Colvin, 56, joined UPI as a night police reporter in New York. In 1984, not yet 30, she became Paris bureau chief where her responsibilities included much of Africa.
In "Mad Dog and Me," an article for the Sunday Times written after Moammar Gadhafi's downfall in October, Colvin described her first meeting with the Libyan dictator. She described being wakened at 3 a.m. and told Gadhafi, who had refused interview requests from many better-known journalists, wanted to see her.
A few days later, Colvin was the first reporter to interview Gadhafi after the U.S. bombing of Tripoli on April 15, 1986. A quarter-century later, she interviewed him as his rule was falling apart.
Colvin was born in Oyster Bay, N.Y., in 1956 and graduated from Yale in 1978. She went to work for UPI the next year.
At the Sunday Times, Colvin was first Middle East correspondent and then Foreign Affairs correspondent. She covered conflicts in the Middle East, Sierra Leone, Kosovo, Bosnia, Chechnya, East Timor and Sri Lanka, where she lost an eye to shrapnel.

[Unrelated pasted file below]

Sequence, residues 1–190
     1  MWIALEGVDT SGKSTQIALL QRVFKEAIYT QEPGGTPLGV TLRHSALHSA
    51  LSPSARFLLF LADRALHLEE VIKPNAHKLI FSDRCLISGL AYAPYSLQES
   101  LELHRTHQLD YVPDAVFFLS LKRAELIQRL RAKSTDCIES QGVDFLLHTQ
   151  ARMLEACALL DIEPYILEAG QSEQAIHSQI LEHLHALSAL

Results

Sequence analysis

Christiane Amanpour, a correspondent for CNN, called Colvin "passionate, funny and deeply caring."
"So Marie's legacy lies in her commitment to story telling and doing it the right way," Amanpour said in a tribute on CNN. "It's in believing in the people she was reporting on. She shone a spotlight on and gave a voice to those people who have no voice."
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